I hesitate to broach this topic. I roll my eyes when people are vocal about being single. Yet here I am, talking about it. If I didn't feel this was important to my progression and inner peace, I wouldn't do it. But something compels me forward, so I will continue.
Today was fast Sunday in my ward. As I approached Heavenly Father in prayer, I told Him I was going to fast about being single. I honestly did not know what I wanted Him to help me with concerning this topic. Praying to find a husband did not seem appropriate or productive; yet, I knew I was struggling and needed heavenly aid. I also knew He would show me whatever it was I needed to know, even though I did not know the right questions to ask. While at church, I had an overwhelming desire to share the millions of feelings, fears, and hopes I have concerning this topic. I got out a notebook and made a diagram that I will attempt to flesh out in this essay. My hope is that my words can validate the feelings of others and help them feel less alone in this unique (yet not so unique) scenario of being a “mid-single.” In so doing, I hope to personally garner hope and encouragement. This topic is not an easy one for me.
Who I am
I am Kathryn Elizabeth Houston. I am thirty years old. I am not married, nor do I have children. I am an educator. I am a musician. I am a hopeless romantic. Above my front door hangs a sign that says, “Real love stories never have endings.” I talk too much when I’m nervous, especially around boys I like. I hate talking on the phone. But I am expressive, which is often an asset. I want to do what’s right; yet, I feel guilty about everything I’m doing wrong 90% of the time. I am desperately self-conscious; yet, I am aware of all I have to offer. I am a daughter of a loving God and, consequently, I have divine potential. My number one desire in life is to be a wife and mother and to raise my children to know they, too, are children of a loving Heavenly Father.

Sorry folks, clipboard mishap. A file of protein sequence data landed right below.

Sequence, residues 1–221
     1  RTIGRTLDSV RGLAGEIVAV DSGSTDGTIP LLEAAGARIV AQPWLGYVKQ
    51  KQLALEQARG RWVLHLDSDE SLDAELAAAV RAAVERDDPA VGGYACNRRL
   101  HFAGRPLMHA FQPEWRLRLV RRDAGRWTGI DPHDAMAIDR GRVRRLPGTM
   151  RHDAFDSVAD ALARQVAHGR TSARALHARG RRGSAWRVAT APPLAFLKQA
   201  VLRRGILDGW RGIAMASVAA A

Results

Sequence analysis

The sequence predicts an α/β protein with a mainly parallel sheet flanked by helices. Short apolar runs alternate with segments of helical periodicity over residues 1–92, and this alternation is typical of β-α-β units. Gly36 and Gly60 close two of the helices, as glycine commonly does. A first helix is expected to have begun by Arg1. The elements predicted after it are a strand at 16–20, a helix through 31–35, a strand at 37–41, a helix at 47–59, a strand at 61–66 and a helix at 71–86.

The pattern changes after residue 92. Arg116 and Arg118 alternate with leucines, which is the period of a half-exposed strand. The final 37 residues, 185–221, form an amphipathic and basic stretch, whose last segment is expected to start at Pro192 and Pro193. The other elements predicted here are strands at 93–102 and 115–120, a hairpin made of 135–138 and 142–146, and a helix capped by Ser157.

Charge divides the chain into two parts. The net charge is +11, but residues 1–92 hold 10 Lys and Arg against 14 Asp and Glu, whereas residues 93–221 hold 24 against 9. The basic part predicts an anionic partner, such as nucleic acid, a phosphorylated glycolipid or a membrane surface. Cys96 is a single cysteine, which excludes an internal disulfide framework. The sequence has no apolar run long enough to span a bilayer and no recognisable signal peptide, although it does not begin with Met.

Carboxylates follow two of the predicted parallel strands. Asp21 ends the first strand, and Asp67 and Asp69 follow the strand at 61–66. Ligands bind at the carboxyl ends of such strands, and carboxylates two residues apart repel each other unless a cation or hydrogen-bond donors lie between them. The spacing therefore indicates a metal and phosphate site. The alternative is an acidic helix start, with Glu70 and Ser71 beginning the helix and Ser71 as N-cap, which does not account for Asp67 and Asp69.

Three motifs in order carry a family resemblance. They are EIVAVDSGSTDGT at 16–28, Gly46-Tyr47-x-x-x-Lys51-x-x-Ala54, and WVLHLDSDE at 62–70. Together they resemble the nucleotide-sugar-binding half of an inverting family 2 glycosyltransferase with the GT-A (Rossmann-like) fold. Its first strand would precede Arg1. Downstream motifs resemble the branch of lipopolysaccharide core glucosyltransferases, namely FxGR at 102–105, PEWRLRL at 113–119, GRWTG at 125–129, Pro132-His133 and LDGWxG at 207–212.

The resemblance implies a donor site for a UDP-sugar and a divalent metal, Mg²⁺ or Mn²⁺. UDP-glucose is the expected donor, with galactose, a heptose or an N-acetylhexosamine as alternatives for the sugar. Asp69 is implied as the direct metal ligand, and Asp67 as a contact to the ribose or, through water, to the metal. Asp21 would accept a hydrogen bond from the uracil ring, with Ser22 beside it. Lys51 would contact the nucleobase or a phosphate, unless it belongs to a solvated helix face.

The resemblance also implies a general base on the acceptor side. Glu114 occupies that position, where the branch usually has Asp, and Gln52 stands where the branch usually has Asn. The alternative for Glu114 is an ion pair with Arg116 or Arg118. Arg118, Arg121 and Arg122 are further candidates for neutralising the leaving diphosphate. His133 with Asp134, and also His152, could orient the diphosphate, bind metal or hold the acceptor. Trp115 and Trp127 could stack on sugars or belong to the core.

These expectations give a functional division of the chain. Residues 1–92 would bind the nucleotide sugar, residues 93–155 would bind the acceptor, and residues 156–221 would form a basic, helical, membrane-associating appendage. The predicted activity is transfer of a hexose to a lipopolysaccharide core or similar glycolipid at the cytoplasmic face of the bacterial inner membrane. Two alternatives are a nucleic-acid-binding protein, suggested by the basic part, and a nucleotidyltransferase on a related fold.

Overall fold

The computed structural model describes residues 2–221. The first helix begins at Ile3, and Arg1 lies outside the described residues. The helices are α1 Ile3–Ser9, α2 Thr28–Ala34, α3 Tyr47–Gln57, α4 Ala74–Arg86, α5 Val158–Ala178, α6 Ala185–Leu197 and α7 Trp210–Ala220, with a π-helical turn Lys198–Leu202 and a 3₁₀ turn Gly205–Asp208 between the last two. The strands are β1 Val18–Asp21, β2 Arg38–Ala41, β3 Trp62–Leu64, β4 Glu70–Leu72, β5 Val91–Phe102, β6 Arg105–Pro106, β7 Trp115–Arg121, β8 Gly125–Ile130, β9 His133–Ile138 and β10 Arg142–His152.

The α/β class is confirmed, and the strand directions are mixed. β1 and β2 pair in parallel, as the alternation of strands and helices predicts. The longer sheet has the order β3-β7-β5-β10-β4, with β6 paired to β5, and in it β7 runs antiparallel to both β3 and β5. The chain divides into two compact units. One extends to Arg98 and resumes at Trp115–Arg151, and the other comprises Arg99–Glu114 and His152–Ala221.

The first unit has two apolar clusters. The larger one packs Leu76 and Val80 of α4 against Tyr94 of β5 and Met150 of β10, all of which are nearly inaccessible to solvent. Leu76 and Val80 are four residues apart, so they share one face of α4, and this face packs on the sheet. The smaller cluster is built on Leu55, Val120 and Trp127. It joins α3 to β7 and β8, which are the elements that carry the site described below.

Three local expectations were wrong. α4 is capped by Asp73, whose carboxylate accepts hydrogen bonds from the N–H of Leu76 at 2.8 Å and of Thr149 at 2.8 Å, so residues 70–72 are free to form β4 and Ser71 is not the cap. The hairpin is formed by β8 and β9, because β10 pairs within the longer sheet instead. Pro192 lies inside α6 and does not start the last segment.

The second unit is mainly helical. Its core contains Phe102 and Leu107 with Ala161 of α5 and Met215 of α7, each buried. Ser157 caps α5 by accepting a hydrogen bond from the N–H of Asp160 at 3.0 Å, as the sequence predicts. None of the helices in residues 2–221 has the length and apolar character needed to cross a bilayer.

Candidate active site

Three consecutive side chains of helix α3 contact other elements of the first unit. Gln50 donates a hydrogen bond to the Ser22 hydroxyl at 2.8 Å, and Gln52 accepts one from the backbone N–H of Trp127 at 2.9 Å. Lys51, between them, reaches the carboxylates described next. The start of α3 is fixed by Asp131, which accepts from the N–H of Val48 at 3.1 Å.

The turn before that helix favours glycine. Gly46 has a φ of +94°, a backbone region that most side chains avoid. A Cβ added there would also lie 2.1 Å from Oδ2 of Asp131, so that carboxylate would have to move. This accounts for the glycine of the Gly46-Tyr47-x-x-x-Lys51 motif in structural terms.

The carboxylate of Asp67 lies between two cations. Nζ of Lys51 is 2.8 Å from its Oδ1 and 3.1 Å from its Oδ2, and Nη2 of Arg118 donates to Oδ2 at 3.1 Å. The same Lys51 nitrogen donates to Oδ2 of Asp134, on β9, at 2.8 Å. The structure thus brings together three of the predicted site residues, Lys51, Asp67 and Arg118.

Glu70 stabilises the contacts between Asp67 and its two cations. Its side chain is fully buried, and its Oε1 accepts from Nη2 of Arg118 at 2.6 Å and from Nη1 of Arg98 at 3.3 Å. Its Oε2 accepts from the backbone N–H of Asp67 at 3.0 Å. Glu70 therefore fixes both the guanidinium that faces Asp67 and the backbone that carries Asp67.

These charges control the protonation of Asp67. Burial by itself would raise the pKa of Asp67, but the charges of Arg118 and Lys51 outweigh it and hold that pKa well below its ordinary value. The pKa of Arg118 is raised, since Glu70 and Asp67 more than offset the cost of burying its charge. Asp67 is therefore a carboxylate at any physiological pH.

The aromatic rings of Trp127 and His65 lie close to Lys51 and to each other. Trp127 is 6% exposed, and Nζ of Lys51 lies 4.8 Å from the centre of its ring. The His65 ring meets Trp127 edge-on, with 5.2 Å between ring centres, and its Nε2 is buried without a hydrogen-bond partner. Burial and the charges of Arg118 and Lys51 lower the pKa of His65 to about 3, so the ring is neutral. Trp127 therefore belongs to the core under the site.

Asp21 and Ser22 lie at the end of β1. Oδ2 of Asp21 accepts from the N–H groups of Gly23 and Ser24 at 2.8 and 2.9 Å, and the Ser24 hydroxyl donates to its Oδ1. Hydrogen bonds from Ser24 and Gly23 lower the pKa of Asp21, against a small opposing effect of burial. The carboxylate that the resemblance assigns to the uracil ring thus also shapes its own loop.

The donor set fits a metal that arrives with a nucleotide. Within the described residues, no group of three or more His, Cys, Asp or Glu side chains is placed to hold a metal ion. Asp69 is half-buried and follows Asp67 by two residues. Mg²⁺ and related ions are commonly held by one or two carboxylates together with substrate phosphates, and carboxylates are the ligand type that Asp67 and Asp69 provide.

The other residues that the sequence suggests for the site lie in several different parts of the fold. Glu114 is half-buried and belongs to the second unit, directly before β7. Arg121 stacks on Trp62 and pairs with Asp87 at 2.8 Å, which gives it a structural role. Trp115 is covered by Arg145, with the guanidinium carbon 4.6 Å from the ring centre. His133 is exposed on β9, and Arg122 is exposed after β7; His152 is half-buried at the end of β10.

Lately, I have been working my way through my single years kicking and screaming. I have resisted accepting who I am and what I have. I burst with questions, seeking an explanation for my present circumstances and hoping for a definitive answer regarding my future. I have come to recognize this behavior as a hindrance to my peace. We are promised in the scriptures that if we approach the Lord in humility with our personal weaknesses, He will help us win our greatest internal battles (Ether 12:27). The time has come for me to tackle this head on, and with a heart finally humbled, that is what I intend to do.
What I feel
Being single when the majority of my friends (LDS or otherwise) are married brings with it feelings that perhaps seem illogical to those viewing the situation from an outside perspective. I hope to identify some of these emotions in words, which is no easy task.
As a mid-single woman, I feel like I need to prove my worth. When I meet a man, I perceive myself as automatically in competition with droves of single women. In order to stand out, I have to be thin, beautiful, clever, spiritual, talented, witty, not too forward, but not too boring, flirtatious, but not desperate, etc. It becomes exhausting and is, quite frankly, impossible. My mission reunion is this weekend. I am nervous to go for one reason alone. The grand majority of missionaries are married with children. I have to show everyone that though I am not married, I am not weird or socially awkward. I worry I have failed in the game of life because they all moved to the next step and I am seemingly in limbo. This, of course, isn’t true, but I don’t have anything physical (like a husband or child) to prove I have grown and progressed since I returned home seven years ago.
I feel lonely. As I have gotten older and my siblings have all left home, I realize more keenly that everyone in my family has someone. My parents and siblings have their spouses. My little sister has a thriving social life as a freshman at BYU. I remember those days fondly. But I am well into my career now and independent. I have less close friends around me and less desire to go to dances and activities. What I want is someone with whom I may share my successes, failures, and funny stories when I get home from work each day. Of course I can call my family members, but they have other people they need to prioritize. The way I see it, a husband and wife should put the Lord first, and then one another. I long for someone who desires to put me second to the Lord and I will do the same. I feel like I have gotten to know Katie Houston very well the past few years, as I have relied more and more on myself and the Lord to get through daily challenges.